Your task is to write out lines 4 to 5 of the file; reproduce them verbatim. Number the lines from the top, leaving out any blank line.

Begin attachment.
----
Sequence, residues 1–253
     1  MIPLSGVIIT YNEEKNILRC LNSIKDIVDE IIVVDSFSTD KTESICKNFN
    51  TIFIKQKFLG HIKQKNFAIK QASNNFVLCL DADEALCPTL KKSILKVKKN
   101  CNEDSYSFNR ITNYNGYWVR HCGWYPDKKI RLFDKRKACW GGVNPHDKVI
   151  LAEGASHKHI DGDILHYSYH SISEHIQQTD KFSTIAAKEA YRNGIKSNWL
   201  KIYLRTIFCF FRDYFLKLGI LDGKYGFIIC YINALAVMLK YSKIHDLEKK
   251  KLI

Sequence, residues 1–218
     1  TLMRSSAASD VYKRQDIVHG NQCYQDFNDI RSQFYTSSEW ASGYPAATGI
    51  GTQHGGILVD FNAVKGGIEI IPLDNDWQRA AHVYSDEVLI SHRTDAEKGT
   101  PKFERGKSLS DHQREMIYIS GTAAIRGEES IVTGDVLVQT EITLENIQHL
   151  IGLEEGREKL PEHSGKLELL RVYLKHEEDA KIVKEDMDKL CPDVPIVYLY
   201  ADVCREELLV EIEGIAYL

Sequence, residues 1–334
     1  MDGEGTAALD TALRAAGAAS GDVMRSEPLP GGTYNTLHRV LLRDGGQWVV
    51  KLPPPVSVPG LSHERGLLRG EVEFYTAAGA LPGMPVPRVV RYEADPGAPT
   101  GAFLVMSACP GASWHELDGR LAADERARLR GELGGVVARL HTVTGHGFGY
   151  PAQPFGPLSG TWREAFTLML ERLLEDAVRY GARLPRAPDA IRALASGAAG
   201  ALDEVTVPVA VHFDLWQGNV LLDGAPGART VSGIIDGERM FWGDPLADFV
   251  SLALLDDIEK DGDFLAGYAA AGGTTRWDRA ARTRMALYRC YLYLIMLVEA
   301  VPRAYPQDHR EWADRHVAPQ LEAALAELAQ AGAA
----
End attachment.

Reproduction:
   101  CNEDSYSFNR ITNYNGYWVR HCGWYPDKKI RLFDKRKACW GGVNPHDKVI
   151  LAEGASHKHI DGDILHYSYH SISEHIQQTD KFSTIAAKEA YRNGIKSNWL